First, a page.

The ‘theory’ wreckage of historical materialism…

We have repeatedly suggested the need to reformulate a postmarxist version of socialism (with reference still to Marx, no doubt) that is a non-dogmatic restatement of the basic issues of praxis, hopefully beyond the mostly doomed efforts to concoct a science of history and/or the ‘evolution’ toward communism.
There the theories of historical materialism, and the associated ‘stages of production’ theory (e.g. ‘productive force determinism’) are a millstone around the neck of leftists.
Historical materialism belongs to the nineteenth century post-hegelian turn toward reductionist scientism and while the attempt to create an economic theory of history seemed a good one at the time such a procedure is no longer convincing and is certainly not science.
We are better off proceeding empirically on the issues of economic history and making the passage beyond capitalism a strategy of free agents, not historical forces. It seemed once that marx’s theories showed that communism would be inevitable. But he didn’t show that and a host of critics have mauled marxist for that and other reasons.
Further marxists were caught in marx’s (or engels’) attack on utopian versus scientific socialism. But if those theories are scientific then we end doing what we were doing all along: assessing the social and historical realm and considering the issue of socialism on the basis of values rather than spurious historical laws.

Source: The question of historical materialism – Darwiniana

News | Historical Materialism

The subject, and internet presence, ‘historical materialism’ is considerable in its scope and yet the entire discipline seems incapable of leading to a focused radical or social democratic path. Marxism is easy to jargonize and over-analyze, with no real result, and little connection with public thinking or with the equally barren fields of sociology, historical or otherwise.
We have pointed here repeatedly to some core problems with ‘histomat’ in terms of its obsessive Marx worship and rote assumptions about the canonical status of his legacy. We have pointed to the shallowness and misfire of economic analysis of world history as an odd fundamentalism, and then to the fallacy of ‘stages of production’ theory, and the failure to produce a viable model of the very socialism/communism projected, very much in a void. The whole legacy of leninism/bolshevism goes almost without critical comment alienating virtually the whole potential public for socialism…
We have suggested a whole series of remedies, among them a divorce with a failed past and a recasting of the socialist legacy that was so dogmatically appropriated to marxist monopoly by Marx himself…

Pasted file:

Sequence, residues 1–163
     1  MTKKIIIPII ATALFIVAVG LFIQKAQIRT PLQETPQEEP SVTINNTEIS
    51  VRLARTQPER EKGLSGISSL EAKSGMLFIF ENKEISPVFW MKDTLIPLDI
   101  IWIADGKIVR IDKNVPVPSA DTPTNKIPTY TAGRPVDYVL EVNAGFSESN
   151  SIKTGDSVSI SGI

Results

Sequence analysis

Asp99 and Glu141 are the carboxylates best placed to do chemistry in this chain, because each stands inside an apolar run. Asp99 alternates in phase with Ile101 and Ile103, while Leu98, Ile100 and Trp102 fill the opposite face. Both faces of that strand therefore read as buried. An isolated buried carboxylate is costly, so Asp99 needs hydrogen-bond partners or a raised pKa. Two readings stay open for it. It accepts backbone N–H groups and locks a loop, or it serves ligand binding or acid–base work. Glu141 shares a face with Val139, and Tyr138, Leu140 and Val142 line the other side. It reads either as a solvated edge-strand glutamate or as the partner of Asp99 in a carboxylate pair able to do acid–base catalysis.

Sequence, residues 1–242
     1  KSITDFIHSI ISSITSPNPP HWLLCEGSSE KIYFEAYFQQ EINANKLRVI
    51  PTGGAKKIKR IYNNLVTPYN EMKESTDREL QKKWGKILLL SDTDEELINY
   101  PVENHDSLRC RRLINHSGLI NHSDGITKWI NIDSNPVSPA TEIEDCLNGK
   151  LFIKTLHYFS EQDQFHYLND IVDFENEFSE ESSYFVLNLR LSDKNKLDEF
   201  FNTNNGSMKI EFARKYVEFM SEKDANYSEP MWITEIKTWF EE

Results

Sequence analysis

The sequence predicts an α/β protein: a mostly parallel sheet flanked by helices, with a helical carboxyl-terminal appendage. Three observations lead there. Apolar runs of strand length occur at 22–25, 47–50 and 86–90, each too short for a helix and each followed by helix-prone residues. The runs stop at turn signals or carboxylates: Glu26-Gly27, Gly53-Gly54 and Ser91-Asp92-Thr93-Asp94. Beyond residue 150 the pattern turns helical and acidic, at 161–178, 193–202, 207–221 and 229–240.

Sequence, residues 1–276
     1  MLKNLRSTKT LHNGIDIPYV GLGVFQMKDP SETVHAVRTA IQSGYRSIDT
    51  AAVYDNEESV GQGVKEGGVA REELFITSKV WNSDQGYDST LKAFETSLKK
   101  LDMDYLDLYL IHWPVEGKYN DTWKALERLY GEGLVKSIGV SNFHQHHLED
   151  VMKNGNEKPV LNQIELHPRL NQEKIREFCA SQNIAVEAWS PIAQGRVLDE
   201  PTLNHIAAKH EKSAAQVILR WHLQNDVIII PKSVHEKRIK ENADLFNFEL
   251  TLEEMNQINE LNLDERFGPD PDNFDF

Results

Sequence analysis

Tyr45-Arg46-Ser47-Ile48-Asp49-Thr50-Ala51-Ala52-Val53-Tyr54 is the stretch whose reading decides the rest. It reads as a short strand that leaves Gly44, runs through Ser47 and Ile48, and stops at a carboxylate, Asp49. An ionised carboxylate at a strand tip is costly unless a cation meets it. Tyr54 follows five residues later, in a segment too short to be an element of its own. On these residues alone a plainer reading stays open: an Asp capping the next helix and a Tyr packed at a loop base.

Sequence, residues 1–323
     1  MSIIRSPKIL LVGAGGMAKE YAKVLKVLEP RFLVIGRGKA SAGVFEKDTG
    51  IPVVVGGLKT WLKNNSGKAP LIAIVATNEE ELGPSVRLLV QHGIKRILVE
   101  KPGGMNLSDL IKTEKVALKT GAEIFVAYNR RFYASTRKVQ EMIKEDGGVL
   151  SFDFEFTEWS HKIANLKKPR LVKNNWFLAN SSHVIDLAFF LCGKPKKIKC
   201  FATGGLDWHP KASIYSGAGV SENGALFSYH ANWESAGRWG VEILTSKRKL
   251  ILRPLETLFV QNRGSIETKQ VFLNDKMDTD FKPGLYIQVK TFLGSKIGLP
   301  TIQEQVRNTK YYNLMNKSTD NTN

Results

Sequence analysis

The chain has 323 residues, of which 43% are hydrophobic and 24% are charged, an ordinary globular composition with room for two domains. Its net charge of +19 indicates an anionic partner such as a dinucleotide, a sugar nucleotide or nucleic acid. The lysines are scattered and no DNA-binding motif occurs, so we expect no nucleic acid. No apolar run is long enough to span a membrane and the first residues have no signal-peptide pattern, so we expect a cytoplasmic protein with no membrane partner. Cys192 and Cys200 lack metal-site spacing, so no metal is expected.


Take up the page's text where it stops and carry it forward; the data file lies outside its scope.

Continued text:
Source: News | Historical Materialism

  Will, the hidden factor in human consciousness

The will is a bit far from issues of historical materialism. The issue of the will is almost as elusive as that of ‘enlightenment’. The will in man is not his sense of willing, or will power. It is directly related to ‘free will’ issues, but in a different mode. Is in the real sense is unconscious and almost never visible…
The left might adopt some version of Bennett for a new version of the definition of man…not so easy…watch your step…

Without freedom man cannot create socialism…Marx’s productive force determinism is misleading…

This post was supposed to be at The Gurdjieff Con, but I pulled a fast one and put it at Darwiniana… Modern biology can’t do justice to the human ‘organism’/being: the issue of the w…

Source:  The will, beside being, as a factor of homo sapient unconscious ‘mind’. – Darwiniana

The disastrous crackpot confusion of historical materialism

I have often recommended replacing historical materialism with something simpler and less reductionist. To make that theory a requirement to create socialism was a mistake. It antagonizes almost the whole of exterior culture. It forecloses on virtually the whole of human thought and history and imposes a brittle version of early nineteenth century scientism as a universal generalization. Whatever it seemed at the time it is now irrelevant for us. Historical materialism claims to debunk all religion, almost all philosophy, negates ‘idealism’ as some kind of evil delusion, reduces history to economic issues, negates teleology in the name of science and then creates a crypto-teleology that misleads anyone trying to construct a socialist entity in practice. It tries to seize high ground against all forms of thought with the weird claim that the mode of production stands beyond all that as the determinant factor. Small wonder socialists/communists always fumble the ball. Their view of society is crackpot.

Marx did one of the worst things you can do to a cadre: give a bunch of idiots an air-tight generalization that they will embrace the way people embrace religion: the end of creative thinking enters to establish the reign of dogma. Try this: try to critique Marx and the cultic crowd will react to you with a vengeance. The outcome has been “Marx the Prophet”, a misfortune that will blind adherents to the need for very careful thinking about practical action.

It is not hard to correct all this. We have recommended being wary of historical theories and working with outlines and empirical models. That way, the diversity and complexity of history is not sacrificed to a monomania. In that context the critique of political economy can be wrought via a robust set of empirical studies that do not presume to laws of history or scientific determinism. History is the sage of free agents who have choice, whatever the case that free agency is the same as free will. But issues of free will are better studied with Kant than Newton or scientists. The question of free agents is enough: we cannot expect ‘history’ to produce communism mechanically. It requires construction: we must create a socialism that makes sense, embraces a set of values and realizes new degree of freedom.